by Sam Hutchins
The next week was spent slowly making our way up Highway 61. Traditionally it was known as the blues highway, the road leading from the plantations of the South to new life and opportunity in Chicago and the northern cities. Much like the ghosts of the musicians whose paths we followed we carried the blues with us. Unlike us they at least had a goal and a purpose to their journey. We were in full drifting mode, surrendering more and more to the malaise of the road.
By now we had been scouting cross-country for a month. As much as I love being out on the road shooting it only works if it is leading somewhere. Our limited contact with Kar Wai had seemingly ended altogether. It was as though we were forgotten. Every day we drove hundreds of miles and took countless pictures. We explored every story possibility along the way and submitted our work with nary a word in response. With no feedback or critique eventually you’re not so much scouting as you are just driving around taking pictures like a tourist.
Compounding the issue was the endless list of petty resentments we were building against one another. That much time in close quarters can turn even the most amiable types against each other. Every inch of space in the truck becomes a battleground; every statement a potential provocation. For example, Darius was making me insane with the music. He would control the iPod for hours on end, playing the same songs over and over at high volume. When I would manage to wrest control of the music he went totally passive-aggressive on me. It would start with him asking what the song was, complimenting my taste, and then asking if he could turn it down just a little bit. He would then proceed to lower the volume gradually until it was just barely audible. He did this every time I tried to play music that I favored, and it was completely maddening. I’d shortly give up and turn the music completely off. Minutes later he would play something he liked and crank the volume all the way back up. In retrospect, he honestly might not have realized what he was doing, but at the time I wanted to bash his face into the windshield.
Stephane was equally annoying. He would fiddle around on the computer in the backseat all day long. If Darius or I saw something of potential interest to us we would point it out to him. Invariably he would ignore us, engrossed in the screen as he was. Once we were past whatever-it-was Stephane would see it out the rear window and yell for us to pull over. Usually when we were barreling down a one-lane highway with a truck hard on our ass. Had I heeded his direction every time he yelled for us to stop we would have died a dozen times. He yelled for me to stop in the passing lane of the interstate highway, mid-span on bridges, in every perilous situation imaginable.
Surely I was an annoyance to them as well. I was weary. Doing all the driving was arduous enough. Driving twelve hours a day while navigating, attempting to scout, maintaining the truck, finding nice enough lodging and restaurants to satisfy those two on top of everything else was brutal. Also, any time we did stop to scout a potential location I had to jump out and do my spiel. No matter how exhausted I may be I was the initial public face of the company. It takes energy to approach random people and explain who we were and what we were up to. Virtually no one we approached had any dealings with being filmed before so it was never a short conversation. Frequently one of my companions noticed something and yelled for me to pull over, only to face something that I knew wasn’t worth wasting our time on. Nonetheless it’s my job and I was obligated. Even facing a location that I considered unfilmable or useless to us I had to haul my weary ass out of the driver’s seat and talk our way in. More often than not I would be well into the conversation when the boys would realize as I had that it wasn’t worth the effort and yell for me not to bother with it. I’d grit my teeth, smile and make my exit as quickly and politely as possible leaving a befuddled stranger in my wake.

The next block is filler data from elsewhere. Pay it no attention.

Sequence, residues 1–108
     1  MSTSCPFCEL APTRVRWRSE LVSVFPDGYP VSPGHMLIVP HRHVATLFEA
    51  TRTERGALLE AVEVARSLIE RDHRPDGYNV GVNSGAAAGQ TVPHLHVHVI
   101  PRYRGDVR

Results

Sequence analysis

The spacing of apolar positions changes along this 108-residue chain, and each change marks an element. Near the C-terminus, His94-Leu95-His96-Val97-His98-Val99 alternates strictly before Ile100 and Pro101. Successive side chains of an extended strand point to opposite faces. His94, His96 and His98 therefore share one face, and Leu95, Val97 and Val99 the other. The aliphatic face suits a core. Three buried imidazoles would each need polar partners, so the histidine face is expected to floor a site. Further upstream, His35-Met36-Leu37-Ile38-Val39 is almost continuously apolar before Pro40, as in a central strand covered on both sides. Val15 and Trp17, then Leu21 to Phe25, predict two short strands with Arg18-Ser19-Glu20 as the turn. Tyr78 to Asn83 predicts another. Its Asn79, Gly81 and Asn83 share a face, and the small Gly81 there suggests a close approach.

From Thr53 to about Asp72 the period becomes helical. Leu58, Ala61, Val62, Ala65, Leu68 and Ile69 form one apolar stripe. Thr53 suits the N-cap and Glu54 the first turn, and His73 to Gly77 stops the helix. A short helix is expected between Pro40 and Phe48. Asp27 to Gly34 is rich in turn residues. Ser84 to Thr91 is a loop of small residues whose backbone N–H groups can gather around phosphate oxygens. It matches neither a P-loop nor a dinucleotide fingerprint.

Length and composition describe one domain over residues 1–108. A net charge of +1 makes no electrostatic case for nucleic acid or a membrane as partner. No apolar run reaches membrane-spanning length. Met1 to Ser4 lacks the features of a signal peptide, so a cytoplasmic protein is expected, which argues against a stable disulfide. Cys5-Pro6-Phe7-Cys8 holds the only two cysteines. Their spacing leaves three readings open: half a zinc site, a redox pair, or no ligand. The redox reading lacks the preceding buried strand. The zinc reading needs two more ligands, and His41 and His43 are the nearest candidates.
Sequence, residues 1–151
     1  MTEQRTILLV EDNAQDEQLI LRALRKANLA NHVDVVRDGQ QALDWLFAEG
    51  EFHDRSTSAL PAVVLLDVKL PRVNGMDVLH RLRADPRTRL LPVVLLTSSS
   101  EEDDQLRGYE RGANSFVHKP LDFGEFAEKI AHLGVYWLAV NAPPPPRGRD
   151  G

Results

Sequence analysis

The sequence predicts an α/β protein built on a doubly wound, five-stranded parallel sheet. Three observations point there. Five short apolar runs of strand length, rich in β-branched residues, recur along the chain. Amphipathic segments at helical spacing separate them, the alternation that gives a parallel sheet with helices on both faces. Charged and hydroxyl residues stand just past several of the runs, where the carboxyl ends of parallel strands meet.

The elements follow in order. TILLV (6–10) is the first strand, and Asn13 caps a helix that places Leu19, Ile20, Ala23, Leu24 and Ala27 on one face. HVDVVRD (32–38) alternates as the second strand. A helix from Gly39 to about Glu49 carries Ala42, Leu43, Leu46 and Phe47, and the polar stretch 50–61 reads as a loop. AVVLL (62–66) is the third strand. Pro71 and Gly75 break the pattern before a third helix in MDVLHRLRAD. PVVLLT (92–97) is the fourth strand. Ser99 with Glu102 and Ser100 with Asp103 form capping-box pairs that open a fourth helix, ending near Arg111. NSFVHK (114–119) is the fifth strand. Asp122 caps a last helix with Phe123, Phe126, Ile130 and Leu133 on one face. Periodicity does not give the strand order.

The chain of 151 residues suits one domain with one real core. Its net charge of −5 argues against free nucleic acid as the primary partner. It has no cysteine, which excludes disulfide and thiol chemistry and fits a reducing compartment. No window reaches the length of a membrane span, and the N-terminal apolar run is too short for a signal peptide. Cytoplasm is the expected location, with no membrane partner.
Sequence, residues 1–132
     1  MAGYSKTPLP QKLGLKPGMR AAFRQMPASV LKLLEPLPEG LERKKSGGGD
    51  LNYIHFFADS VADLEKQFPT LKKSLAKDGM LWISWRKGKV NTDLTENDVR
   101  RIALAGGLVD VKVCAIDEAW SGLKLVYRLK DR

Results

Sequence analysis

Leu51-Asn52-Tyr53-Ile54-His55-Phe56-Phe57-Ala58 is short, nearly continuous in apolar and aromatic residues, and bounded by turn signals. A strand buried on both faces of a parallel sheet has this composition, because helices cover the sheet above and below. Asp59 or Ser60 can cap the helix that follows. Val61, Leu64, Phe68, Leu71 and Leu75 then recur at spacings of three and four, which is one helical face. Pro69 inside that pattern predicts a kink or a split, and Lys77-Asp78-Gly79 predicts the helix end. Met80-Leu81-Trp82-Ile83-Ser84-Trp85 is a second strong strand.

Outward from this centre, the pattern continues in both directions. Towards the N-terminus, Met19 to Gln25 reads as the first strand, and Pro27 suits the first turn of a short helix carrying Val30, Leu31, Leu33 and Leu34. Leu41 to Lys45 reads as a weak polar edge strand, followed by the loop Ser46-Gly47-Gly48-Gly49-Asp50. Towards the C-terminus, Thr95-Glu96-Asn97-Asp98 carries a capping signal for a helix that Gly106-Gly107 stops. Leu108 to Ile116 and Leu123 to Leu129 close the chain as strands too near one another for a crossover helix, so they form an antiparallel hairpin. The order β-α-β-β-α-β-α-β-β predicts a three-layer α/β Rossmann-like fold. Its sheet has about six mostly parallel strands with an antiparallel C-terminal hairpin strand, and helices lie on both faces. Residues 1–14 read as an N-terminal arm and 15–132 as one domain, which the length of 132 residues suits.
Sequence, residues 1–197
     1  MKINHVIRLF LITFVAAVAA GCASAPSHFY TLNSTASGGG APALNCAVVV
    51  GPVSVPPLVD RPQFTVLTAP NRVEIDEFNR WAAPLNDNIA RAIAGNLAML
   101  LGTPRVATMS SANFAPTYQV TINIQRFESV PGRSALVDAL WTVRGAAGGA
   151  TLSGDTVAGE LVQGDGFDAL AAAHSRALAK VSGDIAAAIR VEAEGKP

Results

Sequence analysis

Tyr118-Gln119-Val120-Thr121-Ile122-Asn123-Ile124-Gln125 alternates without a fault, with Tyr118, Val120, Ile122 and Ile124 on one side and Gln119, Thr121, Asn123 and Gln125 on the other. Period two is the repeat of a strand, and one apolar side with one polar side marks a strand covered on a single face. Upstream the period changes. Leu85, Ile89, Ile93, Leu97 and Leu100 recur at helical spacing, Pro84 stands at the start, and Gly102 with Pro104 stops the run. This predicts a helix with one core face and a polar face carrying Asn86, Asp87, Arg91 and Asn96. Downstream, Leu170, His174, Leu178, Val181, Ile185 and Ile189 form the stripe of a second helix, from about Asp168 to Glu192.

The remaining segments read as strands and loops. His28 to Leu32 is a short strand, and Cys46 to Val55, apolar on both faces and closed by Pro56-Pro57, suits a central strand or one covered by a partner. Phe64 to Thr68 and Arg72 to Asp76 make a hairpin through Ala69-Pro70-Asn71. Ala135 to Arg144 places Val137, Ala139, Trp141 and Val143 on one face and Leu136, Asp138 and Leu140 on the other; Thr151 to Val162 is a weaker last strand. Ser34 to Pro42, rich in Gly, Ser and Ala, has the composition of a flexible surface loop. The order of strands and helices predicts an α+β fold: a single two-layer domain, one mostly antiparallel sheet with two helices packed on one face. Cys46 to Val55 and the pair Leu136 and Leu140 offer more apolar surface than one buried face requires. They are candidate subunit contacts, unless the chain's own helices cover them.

We had been going like this seven days a week and were all on the edge when the call came. Stephane wandered around speaking excitedly on the phone while Darius and I watched from the truck.
“What do you think, we shutting down?”
“I almost wish we would. “ Darius replied, “I’ve never worked like this before. The director really should be here. We don’t know what to look for.”
I had to agree. It just felt all wrong. Stephane hopped back into the car and we prepared for the bad news. What we heard instead rather surprised us.
“Kar Wai loves the stuff we are sending him. He is able to join us. We’ll meet him in Chicago.”
Fantastic. We were actually just outside the city in Skokie, Illinois. We took our time getting into the city and ate at a wonderful old steakhouse there called Gene and Georgetti’s. After a good night’s sleep we would be picking Kar Wai up at the airport.
STAY TUNED FOR THE NEXT INSTALLMENT OF THE SCOUTING LIFE.
Sam Hutchins has been working in film production for twenty years. He started as overnight security on the set of “Working Girl” while attending film school at NYU. Since 1995 he has been a location manager for some of the top names in the business. He’ll be blogging from a unique insider’s perspective on the filmmaking process, as well as speaking to his colleagues in the production community to share their experiences with you.